Actually, this could be called my midwife/motherhood/breastfeeding/womenhood journey, since in my story, they are all connected. When I was expecting my first child, I was 19. I was so excited to be a mom and wanted to do everything perfectly. I read everything I could get my hands on, one article in particular was on episiotomies. Being 19, I was completely shocked! They actually do that to people?! The article said midwives and homebirths had a much lower episiotomy rate. I explained the whole thing to my husband, and suggested we think about a homebirth midwife.
We talked about it, but thought it would be more responsible to have my first baby at a hospital, and like everything else, money was a factor. Insurance covered a hospital birth, and not midwifery care. I continued to read (makes me feel old, but this was before the internet was part of our daily lives) and discovered Mothering magazine. I loved to read birth stories, especially natural ones. They were so much more emotional and you could really feel the transformation to motherhood.
The time came and my sweet girl was born. In a hospital, with an OB I had never met, and an (I believe unnecessary) 4th grade episiotomy. I could write a whole book on this event, but for the purpose of this blog, I will condense it to the parts that led me to midwifery.
Cloey was not breathing at all at birth, she was rushed to the NICU and then promptly taken by air-evac to another hospital. She has a rare genetic disorder with major health problems. They have nothing to do with her hospital birth and I am grateful for medical care that has saved her life time and time again. My passion for midwifery does not come from some bitter resentment of “the system”. Hospitals are good at what they do, and are certainly necessary in some circumstances, but it was with her birth I realized that they are completely lacking in the natural birth process and labor support.
Traditions that have transcended cultures since the beginning of time are lost completely in the American hospital birth. The whole thing was so sterile. I was dressed in paper and people were moving me and touching me that I didn’t even know. I was so focused on being a good patient, I disconnected from my own birth. When I spoke up and said what I felt was happening, I was told I was wrong. I lost trust in my own body. Then when Cloey was flown away, and my husband followed her, I was alone. I was wheeled into the maternity room by a nurse I didn’t know. The room had a baby bed, diapers and “welcome baby” written in dry erase. I, of course, had no baby in my arms and started to cry. The poor nurse scurried away to find someone to clean out the room, and I was left alone to cry in the wheelchair.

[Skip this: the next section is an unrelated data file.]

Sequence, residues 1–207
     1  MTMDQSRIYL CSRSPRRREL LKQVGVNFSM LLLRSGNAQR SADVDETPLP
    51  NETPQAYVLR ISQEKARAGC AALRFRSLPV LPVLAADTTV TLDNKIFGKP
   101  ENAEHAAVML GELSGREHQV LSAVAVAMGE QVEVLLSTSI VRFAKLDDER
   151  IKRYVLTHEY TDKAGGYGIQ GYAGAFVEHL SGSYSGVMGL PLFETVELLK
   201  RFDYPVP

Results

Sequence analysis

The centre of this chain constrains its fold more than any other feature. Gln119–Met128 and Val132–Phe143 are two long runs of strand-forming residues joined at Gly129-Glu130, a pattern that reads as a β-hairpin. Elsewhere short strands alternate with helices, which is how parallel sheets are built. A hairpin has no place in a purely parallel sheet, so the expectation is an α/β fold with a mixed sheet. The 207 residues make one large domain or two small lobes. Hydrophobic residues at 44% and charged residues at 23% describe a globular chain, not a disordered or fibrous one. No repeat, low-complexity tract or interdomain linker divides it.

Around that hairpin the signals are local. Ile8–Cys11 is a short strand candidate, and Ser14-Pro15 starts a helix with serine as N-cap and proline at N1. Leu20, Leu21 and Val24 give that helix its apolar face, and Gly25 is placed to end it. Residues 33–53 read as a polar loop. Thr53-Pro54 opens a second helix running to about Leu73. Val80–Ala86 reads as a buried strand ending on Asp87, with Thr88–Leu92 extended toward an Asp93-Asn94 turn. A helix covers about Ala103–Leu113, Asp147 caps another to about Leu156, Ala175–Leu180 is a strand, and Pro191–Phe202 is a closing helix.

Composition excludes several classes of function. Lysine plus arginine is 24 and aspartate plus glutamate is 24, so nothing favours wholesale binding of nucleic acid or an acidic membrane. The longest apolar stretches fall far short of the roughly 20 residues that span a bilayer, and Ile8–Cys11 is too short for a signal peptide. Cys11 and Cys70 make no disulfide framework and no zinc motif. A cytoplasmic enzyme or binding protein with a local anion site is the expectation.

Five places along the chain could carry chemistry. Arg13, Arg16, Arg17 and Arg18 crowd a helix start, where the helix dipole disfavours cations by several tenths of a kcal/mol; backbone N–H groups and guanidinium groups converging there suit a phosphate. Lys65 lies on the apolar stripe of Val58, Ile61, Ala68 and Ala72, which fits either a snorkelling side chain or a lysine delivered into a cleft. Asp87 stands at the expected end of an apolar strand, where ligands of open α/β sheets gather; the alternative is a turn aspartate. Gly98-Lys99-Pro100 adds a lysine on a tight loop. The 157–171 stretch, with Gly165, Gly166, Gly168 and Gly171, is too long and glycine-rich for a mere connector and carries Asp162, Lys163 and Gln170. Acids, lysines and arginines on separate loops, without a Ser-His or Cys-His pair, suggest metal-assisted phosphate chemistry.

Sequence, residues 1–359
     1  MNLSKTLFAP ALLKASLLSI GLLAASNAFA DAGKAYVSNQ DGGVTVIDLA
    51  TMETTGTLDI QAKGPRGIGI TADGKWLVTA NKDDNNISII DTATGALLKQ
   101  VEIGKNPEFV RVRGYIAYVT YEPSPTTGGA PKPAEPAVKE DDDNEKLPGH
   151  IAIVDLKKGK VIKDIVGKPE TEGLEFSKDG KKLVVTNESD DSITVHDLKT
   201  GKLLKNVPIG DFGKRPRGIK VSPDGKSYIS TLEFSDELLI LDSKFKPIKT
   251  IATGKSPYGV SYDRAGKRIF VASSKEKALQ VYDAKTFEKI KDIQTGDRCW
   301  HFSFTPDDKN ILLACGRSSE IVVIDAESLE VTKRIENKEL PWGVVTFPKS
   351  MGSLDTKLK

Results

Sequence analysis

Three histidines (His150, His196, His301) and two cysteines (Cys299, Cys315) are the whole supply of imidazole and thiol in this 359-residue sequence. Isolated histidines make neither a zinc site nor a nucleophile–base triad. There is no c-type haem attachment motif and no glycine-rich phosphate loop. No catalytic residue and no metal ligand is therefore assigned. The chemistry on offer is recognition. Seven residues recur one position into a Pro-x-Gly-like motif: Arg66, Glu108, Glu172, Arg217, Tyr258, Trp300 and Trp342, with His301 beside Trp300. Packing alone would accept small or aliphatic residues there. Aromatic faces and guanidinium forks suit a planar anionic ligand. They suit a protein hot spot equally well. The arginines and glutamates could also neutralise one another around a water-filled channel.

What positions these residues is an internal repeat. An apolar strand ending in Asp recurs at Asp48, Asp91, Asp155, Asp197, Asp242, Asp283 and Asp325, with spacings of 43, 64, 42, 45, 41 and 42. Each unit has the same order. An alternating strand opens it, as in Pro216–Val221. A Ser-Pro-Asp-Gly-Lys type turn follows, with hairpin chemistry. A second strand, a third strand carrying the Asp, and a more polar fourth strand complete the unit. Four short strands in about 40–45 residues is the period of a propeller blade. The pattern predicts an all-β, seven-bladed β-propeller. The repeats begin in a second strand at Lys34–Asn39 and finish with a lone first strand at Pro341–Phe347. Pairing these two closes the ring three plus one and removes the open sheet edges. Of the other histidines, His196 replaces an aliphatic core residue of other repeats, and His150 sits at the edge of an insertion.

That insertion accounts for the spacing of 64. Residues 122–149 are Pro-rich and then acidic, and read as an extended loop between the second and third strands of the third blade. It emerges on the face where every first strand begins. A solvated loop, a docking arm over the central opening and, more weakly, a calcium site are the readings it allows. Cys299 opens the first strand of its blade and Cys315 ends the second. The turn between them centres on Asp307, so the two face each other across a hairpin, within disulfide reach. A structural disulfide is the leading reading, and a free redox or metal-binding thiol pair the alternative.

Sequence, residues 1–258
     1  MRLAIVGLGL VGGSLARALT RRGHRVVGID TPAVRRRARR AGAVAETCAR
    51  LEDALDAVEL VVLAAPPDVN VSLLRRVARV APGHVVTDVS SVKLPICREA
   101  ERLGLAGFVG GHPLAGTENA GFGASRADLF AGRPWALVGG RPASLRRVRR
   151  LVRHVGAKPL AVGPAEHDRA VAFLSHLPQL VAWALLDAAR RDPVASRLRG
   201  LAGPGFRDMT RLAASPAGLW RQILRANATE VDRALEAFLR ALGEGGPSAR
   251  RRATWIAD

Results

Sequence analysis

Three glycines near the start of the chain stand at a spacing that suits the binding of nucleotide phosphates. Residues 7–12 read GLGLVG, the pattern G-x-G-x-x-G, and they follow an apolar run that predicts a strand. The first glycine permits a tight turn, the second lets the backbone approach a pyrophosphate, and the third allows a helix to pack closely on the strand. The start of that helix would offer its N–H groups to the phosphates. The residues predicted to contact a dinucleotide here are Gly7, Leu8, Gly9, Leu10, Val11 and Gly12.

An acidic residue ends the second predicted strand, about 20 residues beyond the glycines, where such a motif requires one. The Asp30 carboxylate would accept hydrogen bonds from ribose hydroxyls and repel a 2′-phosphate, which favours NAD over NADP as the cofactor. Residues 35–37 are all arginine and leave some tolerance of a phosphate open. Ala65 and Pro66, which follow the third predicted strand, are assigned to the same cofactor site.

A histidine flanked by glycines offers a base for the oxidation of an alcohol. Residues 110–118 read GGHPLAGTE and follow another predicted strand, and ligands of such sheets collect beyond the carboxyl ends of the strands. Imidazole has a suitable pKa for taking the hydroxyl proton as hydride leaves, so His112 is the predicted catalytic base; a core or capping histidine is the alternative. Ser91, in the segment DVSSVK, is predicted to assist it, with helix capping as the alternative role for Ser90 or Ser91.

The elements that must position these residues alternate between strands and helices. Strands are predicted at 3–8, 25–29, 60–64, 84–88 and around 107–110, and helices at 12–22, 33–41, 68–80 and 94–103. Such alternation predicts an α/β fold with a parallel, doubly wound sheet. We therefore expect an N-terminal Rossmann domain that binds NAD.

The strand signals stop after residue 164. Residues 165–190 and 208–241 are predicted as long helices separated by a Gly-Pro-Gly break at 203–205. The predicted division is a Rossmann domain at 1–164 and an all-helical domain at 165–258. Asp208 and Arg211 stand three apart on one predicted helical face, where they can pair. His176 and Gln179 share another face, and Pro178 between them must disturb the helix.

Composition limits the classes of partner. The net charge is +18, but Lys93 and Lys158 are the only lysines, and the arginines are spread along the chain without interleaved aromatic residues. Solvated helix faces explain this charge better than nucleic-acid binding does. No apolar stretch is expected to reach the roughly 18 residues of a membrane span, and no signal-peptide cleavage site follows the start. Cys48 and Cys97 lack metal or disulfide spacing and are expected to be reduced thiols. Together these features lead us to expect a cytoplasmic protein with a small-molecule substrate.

After I got settled (and medicated) I asked the nurse what I was supposed to do if I wanted to breastfeed? More impersonal red tape as they tried to figure out what to do, and eventually a nurse wheeled in a breast pump and said “here, put one on each side and turn it on” it wasn’t her job, she had patients to tend to and I couldn’t see a lactation consultant because they are billed to the baby, who wasn’t at the hospital. I figured out the stupid pump by myself, and decided right then and there I was going to breastfeed her if it was the only thing I COULD do for her. Needless to say, I checked out as soon as possible the next morning and went to see my baby.